Traverse City Street Medicine offers vital care to unhoused patients

May 31, 2024


Most people don’t imagine medical school happening in the woods. But it’s one way future physicians can learn to have a bigger impact in their communities, said David Klee, MD.

Portrait of Dr. David Klee.“If you’re out seeing [patients] in the woods and you realize it’s 84 degrees out today and there’s no water source, how do you deal with that?” Klee said. “It helps [students] understand true problems that they might not think about if they’re seeing patients in the clinic.”

Klee works with medical residents and third- and fourth-year College of Human Medicine students who choose to participate in Traverse City Street Medicine—a unique program that meets unhoused patients where they are, from encampments to the woods.

“I think a big thing it changes is [students] see not just people with barriers, but they see people,” said Klee. “And that’s a big difference, because you can talk about somebody not having access to water, but when you’re able to put a name and a face together and you start to build a relationship with somebody, now it becomes more personal.”

Klee is the community associate dean of the MSU College of Human Medicine Traverse City Campus and associate program director for the MSU-affiliated Munson Family Residency Program, where the Traverse City Street Medicine program is based. 

Street Medicine is a real-time solution to a very real problem in rural Northern Michigan, where there’s a higher than average number of people experiencing homelessness compared to the rest of the state. The idea sprang from a 2016 program launched by the Traverse Health Clinic, which brought in partnerships with Munson Healthcare, Goodwill Northern Michigan, and MSU during the height of the pandemic.

“There was an element of our community that didn’t have access to care at all,” Klee said. “It was a perfect time for us to be able to become involved. By building it into our curriculum, it became part of our residents’ education for them to go out into the community—and part of our job as residency faculty to supervise them. We graduate a group then we bring in a new group, so we have an ongoing supply of residents…we’re able to maintain a sustainable program that way.”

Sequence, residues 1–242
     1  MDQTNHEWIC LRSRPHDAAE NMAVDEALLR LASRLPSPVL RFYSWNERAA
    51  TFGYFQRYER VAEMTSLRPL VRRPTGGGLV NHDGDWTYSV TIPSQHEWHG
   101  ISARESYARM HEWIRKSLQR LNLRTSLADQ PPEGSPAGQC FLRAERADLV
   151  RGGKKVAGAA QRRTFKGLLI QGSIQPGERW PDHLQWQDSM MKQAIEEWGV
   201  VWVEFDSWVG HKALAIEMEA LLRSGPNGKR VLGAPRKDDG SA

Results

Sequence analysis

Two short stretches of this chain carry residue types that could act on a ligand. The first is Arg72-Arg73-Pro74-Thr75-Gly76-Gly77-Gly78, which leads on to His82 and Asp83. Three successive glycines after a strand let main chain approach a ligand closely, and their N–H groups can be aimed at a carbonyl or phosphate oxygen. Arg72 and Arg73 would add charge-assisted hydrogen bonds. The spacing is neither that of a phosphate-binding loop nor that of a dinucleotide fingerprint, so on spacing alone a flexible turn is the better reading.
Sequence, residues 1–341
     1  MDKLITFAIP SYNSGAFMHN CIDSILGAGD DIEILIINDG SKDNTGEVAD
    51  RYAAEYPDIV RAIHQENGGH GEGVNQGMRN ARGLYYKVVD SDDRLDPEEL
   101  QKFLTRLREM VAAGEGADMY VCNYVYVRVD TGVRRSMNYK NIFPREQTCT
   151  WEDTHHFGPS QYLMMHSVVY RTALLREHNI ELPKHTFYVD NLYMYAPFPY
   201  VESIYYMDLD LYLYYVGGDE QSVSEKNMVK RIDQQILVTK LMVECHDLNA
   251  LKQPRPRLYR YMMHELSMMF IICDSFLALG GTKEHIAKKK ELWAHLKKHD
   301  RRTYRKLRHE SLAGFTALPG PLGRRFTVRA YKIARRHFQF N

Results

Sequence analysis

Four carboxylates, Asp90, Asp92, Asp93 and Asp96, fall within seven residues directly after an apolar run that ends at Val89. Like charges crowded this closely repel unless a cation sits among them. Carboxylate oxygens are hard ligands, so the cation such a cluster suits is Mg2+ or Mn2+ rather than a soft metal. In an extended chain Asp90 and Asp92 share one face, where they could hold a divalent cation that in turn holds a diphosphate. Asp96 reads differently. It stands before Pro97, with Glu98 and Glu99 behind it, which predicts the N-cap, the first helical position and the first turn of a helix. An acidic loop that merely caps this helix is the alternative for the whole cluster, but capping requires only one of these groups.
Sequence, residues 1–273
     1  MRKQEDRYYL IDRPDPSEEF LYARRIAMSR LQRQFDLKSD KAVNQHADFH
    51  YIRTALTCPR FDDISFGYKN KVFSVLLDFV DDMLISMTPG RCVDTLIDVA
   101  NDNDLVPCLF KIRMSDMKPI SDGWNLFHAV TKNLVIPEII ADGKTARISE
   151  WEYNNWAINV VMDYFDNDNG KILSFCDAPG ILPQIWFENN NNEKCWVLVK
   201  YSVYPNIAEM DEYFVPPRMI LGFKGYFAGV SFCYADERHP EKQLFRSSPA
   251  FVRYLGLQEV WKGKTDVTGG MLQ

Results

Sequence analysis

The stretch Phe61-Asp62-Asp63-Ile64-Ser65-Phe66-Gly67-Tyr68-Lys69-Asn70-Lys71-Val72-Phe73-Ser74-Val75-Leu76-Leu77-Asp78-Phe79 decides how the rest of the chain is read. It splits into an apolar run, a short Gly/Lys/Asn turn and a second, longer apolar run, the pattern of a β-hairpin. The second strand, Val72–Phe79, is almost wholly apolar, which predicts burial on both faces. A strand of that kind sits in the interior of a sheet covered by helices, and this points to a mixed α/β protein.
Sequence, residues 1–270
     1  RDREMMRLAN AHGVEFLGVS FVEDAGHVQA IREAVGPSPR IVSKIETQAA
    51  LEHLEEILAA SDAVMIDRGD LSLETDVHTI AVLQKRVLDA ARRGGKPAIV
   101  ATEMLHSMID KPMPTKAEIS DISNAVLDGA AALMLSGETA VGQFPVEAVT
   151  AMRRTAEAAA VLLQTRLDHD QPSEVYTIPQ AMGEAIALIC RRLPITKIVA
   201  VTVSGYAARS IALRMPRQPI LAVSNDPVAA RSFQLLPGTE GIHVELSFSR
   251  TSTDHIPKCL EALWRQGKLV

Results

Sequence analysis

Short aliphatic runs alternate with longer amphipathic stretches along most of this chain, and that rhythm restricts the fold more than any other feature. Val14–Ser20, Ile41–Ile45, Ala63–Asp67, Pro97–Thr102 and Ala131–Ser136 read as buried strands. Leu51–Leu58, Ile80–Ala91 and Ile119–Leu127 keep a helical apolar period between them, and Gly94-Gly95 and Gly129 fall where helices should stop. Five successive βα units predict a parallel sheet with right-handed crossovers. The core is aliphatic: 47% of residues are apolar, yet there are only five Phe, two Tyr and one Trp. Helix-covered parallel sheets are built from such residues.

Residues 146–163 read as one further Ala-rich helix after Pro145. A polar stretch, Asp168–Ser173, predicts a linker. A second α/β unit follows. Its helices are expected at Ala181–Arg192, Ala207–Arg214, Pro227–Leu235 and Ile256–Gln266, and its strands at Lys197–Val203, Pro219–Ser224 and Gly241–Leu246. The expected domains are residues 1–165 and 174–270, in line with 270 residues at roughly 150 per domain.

In addition to creating sustainability, Klee said the constant rotation of students and residents bring something extra special to Street Medicine: energy. 

“They’re new to the field and they’re excited. They want to be there. They don’t have the baggage that other people may have developed over time,” he said. 

Student examining a patient in the mobile health unit. Students working in the mobile health unit.

That’s especially helpful when physicians are building trust with patients whose experiences with the medical community have not always been positive. 

“The patients are developing relationships with our team. That’s been a big barrier for many of the unhoused—they’ve often had bad experiences with traditional medical care, so they have a lack of trust and rightfully so,” Klee said. “A lot of them have had lives of a lot of empty promises.”

He added that physicians are often used to health care being the main issue they think about when seeing patients.

“Some days, their highest need is not medical,” he said. “It may be they need to talk about their housing application or they don’t have a state ID. That’s where we’re able to step aside and go, okay, well, you don’t really need to talk to me. You need to talk to one of my partners here, so let me connect you with them.”

Whether it’s Traverse Health Clinic, Goodwill, or the psychiatry and pharmacy residents who also rotate through Street Medicine every week, the patients get connected to the people who can best help them in that moment. According to Aron Sousa, MD, dean of the College of Human Medicine, that kind of collaboration is part of a unique experience for MSU’s emerging physicians and the community they serve.